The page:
But what I have found when I step back from the situation is that I am actually feeling something else. I’m not really angry. A lot of times what I feel is hurt, sad, confused or betrayed. But it’s easier to just be angry. Now, whether that’s a common reaction or one that has been learned by a lifetime of watching family members flip out and get angry rather than talk it out, I am unsure.
What I do know is that anger isn’t the best way to show someone that you’re hurting or scared. I’ve learned that it’s the chicken shit way. It’s a form of escape. Whereas vulnerability, while it may sound like the wimpier choice, demands real strength.
I think we all know it’s far easier to pretend, to wear a mask and hide what we really think and feel, and even, who we are. That’s not what I want, though. I revamped this blog at the end of last year with the intention of being real. Of being vulnerable by writing fearlessly.
So far, it’s been the scariest, messiest, most liberating thing I’ve done…and that’s helping me work through so many things swimming around my head these days, including residual anger for things like the unfairness of a parent dying young, to the tedious, emotional roller coaster that is caring for a stroke survivor, to much, much more.
It already feels like I’ve traveled a long and winding road, even though I know I’m just getting started. Thanks for being my faithful companion through this journey.
4 thoughts on “Anger vs. Vulnerability”
Amanda, I can relate to your story. I grew up in a house of yelling. I couldn’t believe that my husband and his parents never yelled or fought with one another. That’s not to say there weren’t disagreements, but there was no “my way or the highway” mentality. It has impacted my life drastically to learn that not everyone expresses herself this way. Kudos to you!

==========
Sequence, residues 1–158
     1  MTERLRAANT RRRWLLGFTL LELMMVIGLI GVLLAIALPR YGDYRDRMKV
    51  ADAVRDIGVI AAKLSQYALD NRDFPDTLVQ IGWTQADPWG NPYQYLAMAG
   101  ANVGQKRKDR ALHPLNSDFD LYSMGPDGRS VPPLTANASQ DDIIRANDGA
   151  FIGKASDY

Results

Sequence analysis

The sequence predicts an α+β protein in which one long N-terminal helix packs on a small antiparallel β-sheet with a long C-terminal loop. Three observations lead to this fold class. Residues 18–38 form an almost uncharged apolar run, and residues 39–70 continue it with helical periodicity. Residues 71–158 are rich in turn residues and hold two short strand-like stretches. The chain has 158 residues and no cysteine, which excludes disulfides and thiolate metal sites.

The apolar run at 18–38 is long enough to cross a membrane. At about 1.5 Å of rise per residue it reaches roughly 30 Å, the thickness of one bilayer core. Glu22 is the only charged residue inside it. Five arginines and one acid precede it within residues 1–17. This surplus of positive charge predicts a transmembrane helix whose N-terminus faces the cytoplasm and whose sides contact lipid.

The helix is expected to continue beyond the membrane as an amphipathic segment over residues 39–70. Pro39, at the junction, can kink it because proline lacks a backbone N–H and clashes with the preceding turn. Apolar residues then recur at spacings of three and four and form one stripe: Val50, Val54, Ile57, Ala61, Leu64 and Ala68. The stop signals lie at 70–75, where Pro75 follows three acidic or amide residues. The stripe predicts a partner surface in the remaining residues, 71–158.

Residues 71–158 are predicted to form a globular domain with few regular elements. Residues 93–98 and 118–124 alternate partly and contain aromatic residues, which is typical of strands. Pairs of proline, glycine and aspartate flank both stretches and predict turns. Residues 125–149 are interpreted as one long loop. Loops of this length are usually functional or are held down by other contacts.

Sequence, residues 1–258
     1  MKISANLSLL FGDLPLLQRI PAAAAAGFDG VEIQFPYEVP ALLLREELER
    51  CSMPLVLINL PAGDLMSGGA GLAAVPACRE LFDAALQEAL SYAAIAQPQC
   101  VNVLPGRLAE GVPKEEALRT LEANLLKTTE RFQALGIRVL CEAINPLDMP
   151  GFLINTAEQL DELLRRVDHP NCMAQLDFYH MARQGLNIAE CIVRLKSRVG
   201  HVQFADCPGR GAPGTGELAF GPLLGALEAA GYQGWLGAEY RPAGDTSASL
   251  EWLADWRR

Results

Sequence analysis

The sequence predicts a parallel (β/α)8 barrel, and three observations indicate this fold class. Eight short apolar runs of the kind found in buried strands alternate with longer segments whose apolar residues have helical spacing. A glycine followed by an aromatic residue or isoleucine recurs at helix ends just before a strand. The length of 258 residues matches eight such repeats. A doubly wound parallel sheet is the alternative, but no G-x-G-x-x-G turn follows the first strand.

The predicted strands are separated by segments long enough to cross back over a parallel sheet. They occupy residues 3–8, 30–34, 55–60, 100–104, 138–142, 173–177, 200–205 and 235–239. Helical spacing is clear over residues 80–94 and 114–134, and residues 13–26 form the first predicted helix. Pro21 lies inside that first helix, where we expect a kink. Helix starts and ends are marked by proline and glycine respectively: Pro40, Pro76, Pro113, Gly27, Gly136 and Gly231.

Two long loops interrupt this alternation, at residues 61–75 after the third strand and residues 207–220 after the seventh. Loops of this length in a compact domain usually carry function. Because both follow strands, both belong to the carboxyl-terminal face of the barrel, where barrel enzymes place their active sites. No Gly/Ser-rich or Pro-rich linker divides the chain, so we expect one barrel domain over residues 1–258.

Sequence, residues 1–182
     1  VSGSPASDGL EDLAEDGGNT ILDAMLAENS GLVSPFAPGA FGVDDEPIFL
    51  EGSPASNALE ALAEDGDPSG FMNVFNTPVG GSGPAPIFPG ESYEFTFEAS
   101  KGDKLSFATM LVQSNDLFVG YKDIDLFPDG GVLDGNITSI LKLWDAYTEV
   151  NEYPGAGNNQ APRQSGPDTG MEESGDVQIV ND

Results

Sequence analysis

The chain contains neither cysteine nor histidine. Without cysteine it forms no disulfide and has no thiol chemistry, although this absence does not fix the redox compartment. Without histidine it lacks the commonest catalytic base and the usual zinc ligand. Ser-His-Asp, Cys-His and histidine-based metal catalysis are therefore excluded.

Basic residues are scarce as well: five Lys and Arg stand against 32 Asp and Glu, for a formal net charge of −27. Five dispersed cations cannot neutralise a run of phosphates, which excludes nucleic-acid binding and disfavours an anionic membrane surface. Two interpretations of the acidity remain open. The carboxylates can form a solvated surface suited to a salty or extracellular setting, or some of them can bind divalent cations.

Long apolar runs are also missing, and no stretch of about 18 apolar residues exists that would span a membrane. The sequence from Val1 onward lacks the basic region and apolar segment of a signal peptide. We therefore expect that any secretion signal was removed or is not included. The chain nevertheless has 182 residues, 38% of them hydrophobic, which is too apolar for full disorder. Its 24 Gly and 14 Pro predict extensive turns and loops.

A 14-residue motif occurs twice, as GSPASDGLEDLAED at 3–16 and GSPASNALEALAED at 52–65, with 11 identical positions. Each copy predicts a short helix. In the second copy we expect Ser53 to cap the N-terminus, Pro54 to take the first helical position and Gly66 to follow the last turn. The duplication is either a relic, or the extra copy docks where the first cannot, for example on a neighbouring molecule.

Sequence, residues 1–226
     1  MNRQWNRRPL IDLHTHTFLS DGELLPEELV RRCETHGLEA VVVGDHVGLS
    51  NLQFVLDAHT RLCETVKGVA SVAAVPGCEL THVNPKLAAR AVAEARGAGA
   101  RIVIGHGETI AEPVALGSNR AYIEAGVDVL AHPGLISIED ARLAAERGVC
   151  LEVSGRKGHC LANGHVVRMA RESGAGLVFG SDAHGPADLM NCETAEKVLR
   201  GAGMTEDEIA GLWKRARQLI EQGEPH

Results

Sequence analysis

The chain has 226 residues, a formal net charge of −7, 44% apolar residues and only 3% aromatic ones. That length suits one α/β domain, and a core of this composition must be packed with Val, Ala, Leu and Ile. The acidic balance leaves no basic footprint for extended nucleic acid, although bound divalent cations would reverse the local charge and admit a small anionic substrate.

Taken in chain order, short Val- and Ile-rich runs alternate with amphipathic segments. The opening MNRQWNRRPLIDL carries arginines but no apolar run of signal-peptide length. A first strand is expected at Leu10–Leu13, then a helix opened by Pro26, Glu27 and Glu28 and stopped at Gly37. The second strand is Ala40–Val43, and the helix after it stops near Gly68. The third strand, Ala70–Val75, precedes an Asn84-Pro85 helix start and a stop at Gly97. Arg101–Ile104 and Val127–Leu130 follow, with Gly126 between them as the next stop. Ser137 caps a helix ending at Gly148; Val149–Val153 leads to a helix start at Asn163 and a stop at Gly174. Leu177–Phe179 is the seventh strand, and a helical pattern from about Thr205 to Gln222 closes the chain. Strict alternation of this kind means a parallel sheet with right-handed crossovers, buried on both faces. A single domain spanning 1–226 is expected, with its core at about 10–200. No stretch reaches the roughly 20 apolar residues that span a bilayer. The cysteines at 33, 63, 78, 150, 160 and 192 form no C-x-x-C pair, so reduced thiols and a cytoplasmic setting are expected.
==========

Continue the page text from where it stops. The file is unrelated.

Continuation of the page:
Thanks for sharing, Cheryl. I know what you mean about that type of mentality, my husband’s favorite analogy of why so many fights erupt in my family is because there’s far too many Chiefs and not enough Indians. 🙂
I understand that kind of household, too; I think many people probably do. You’re right, anger is the easy and cowardly way out, whereas self-awareness takes courage and strength and a hell of a lot of work. As for vulnerability–it does take a tremendous amount of strength to be open and honest, especially when you’ve grown up in an environment that not only doesn’t value it but actively suppresses it. In my case, I can be so vulnerable because compared to what I’ve lost, I don’t have much fear left. We all get there our own way; what matters is that you try, even when it’s hard, even when it’s scary. Bravo! You’re doing great.
Thanks, Angie. I think in my case I just can’t keep things inside anymore, I kept the dysfunction of my family quiet my whole life because of my dad, who was like me, just trying to get through all the craziness unscathed, or as unscathed as one can be when involved in a volatile relationship. Now that he’s gone, I don’t feel the need to hide it anymore.